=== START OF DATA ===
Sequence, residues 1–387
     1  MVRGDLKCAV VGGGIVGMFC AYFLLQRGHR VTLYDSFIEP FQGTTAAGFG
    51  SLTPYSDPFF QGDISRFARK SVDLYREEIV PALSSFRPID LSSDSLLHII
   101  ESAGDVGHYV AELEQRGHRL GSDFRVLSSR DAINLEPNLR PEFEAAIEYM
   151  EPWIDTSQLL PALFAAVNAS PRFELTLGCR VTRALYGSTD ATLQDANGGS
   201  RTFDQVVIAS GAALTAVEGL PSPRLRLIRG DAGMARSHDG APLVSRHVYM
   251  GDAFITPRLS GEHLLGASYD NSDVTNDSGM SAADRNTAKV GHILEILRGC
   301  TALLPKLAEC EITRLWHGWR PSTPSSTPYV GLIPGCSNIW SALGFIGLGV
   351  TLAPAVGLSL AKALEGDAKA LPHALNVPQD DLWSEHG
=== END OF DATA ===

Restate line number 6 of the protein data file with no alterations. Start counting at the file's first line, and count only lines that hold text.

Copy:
   201  RTFDQVVIAS GAALTAVEGL PSPRLRLIRG DAGMARSHDG APLVSRHVYM